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The Quantity and Quality of Life and the Evolution of World Inequality

  • Gary S. Becker
  • Tomas J. Philipson
  • Rodrigo R. Soares

GDP per capita is usually used to proxy for the quality of life of individuals living in different countries. Welfare is also affected by quantity of life, however, as represented by longevity. This paper incorporates longevity into an overall assessment of the evolution of cross-country inequality and shows that it is quantitatively important. The absence of reduction in cross-country inequality up to the 1990s documented in previous work is in stark contrast to the reduction in inequality after incorporating gains in longevity. Throughout the post-World War II period, health contributed to reduce significantly welfare inequality across countries. This paper derives valuation formulas for infra-marginal changes in longevity and computes a "full" growth rate that incorporates the gains in health experienced by 96 countries for the period between 1960 and 2000. Incorporating longevity gains changes traditional results; countries starting with lower income tended to grow faster than countries starting with higher income. We estimate an average yearly growth in "full income" of 4.1 percent for the poorest 50 percent of countries in 1960, of which 1.7 percentage points are due to health, as opposed to a growth of 2.6 percent for the richest 50 percent of countries, of which only 0.4 percentage points are due to health. Additionally, we decompose changes in life expectancy into changes attributable to 13 broad groups of causes of death and three age groups. We show that mortality from infectious, respiratory, and digestive diseases, congenital, perinatal, and "ill-defined" conditions, mostly concentrated before age 20 and between ages 20 and 50, is responsible for most of the reduction in life expectancy inequality. At the same time, the recent effect of AIDS, together with reductions in mortality after age 50-due to nervous system, senses organs, heart and circulatory diseases-contributed to increase health inequality across countries.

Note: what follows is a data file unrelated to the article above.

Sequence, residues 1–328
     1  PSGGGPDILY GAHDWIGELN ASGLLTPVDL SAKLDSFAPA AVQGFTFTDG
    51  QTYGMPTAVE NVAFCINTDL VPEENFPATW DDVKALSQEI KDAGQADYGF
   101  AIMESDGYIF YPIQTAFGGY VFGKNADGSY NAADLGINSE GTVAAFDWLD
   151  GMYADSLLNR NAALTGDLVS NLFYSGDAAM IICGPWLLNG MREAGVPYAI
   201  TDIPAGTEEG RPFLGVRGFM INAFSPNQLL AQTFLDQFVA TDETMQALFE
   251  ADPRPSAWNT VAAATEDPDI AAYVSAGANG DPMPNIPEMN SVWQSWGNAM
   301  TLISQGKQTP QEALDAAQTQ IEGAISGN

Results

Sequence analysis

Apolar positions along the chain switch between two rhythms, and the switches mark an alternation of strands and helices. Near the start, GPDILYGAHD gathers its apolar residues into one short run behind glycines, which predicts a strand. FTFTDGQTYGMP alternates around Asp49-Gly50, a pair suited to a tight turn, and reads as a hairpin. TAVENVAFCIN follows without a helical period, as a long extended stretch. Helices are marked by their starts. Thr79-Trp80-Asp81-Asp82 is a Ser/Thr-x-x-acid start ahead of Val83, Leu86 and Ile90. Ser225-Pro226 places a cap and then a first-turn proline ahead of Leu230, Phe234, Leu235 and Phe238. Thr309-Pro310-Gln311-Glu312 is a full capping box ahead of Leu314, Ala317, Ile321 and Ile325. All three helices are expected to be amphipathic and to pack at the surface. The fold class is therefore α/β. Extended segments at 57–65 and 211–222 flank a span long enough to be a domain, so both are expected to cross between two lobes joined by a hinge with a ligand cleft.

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Article provided by American Economic Association in its journal American Economic Review.

Volume (Year): 95 (2005)
Issue (Month): 1 (March)
Pages: 277-291

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Handle: RePEc:aea:aecrev:v:95:y:2005:i:1:p:277-291
Note: DOI: 10.1257/0002828053828563
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  1. Rosen, Sherwin, 1988. " The Value of Changes in Life Expectancy," Journal of Risk and Uncertainty, Springer, vol. 1(3), pages 285-304, September.
  2. N. Gregory Mankiw & David Romer & David N. Weil, 1990. "A Contribution to the Empirics of Economic Growth," NBER Working Papers 3541, National Bureau of Economic Research, Inc.
  3. Gary S. Becker & Julio Jorge El´┐Żas, 2007. "Introducing Incentives in the Market for Live and Cadaveric Organ Donations," Journal of Economic Perspectives, American Economic Association, vol. 21(3), pages 3-24, Summer.
  4. Rodrigo R. Soares, 2005. "Mortality Reductions, Educational Attainment, and Fertility Choice," American Economic Review, American Economic Association, vol. 95(3), pages 580-601, June.
  5. Friedman, Milton, 1992. "Do Old Fallacies Ever Die?," Journal of Economic Literature, American Economic Association, vol. 30(4), pages 2129-32, December.
  6. Tomas J. Philipson & William H. Dow & Xavier Sala-i-Martin, 1999. "Longevity Complementarities under Competing Risks," American Economic Review, American Economic Association, vol. 89(5), pages 1358-1371, December.
  7. Xavier Sala-i-Martin, 2002. "The World Distribution of Income (estimated from Individual Country Distributions)," NBER Working Papers 8933, National Bureau of Economic Research, Inc.
  8. Viscusi, W Kip & Aldy, Joseph E, 2003. " The Value of a Statistical Life: A Critical Review of Market Estimates throughout the World," Journal of Risk and Uncertainty, Springer, vol. 27(1), pages 5-76, August.
  9. Neumayer, Eric, 2003. "Beyond income: convergence in living standards, big time," Structural Change and Economic Dynamics, Elsevier, vol. 14(3), pages 275-296, September.
  10. Martin Browning & Lars Peter Hansen & James J. Heckman, 1999. "Micro Data and General Equilibrium Models," Discussion Papers 99-10, University of Copenhagen. Department of Economics.
  11. Dan Usher, 1973. "The Measurement of Economic Growth," Working Papers 145, Queen's University, Department of Economics.
  12. repec:reg:rpubli:282 is not listed on IDEAS
  13. Cannon, Edmund S & Duck, Nigel W, 2000. "Galton's Fallacy and Economic Convergence," Oxford Economic Papers, Oxford University Press, vol. 52(2), pages 415-19, April.
  14. Quah, Danny T., 1996. "Empirics for economic growth and convergence," European Economic Review, Elsevier, vol. 40(6), pages 1353-1375, June.
  15. Randa Sab & Stephen C. Smith, 2002. "Human Capital Convergence: A Joint Estimation Approach," IMF Staff Papers, Palgrave Macmillan, vol. 49(2), pages 3.
  16. Stephen L. Parente & Edward C. Prescott, 1993. "Changes in the wealth of nations," Quarterly Review, Federal Reserve Bank of Minneapolis, issue Spr, pages 3-16.
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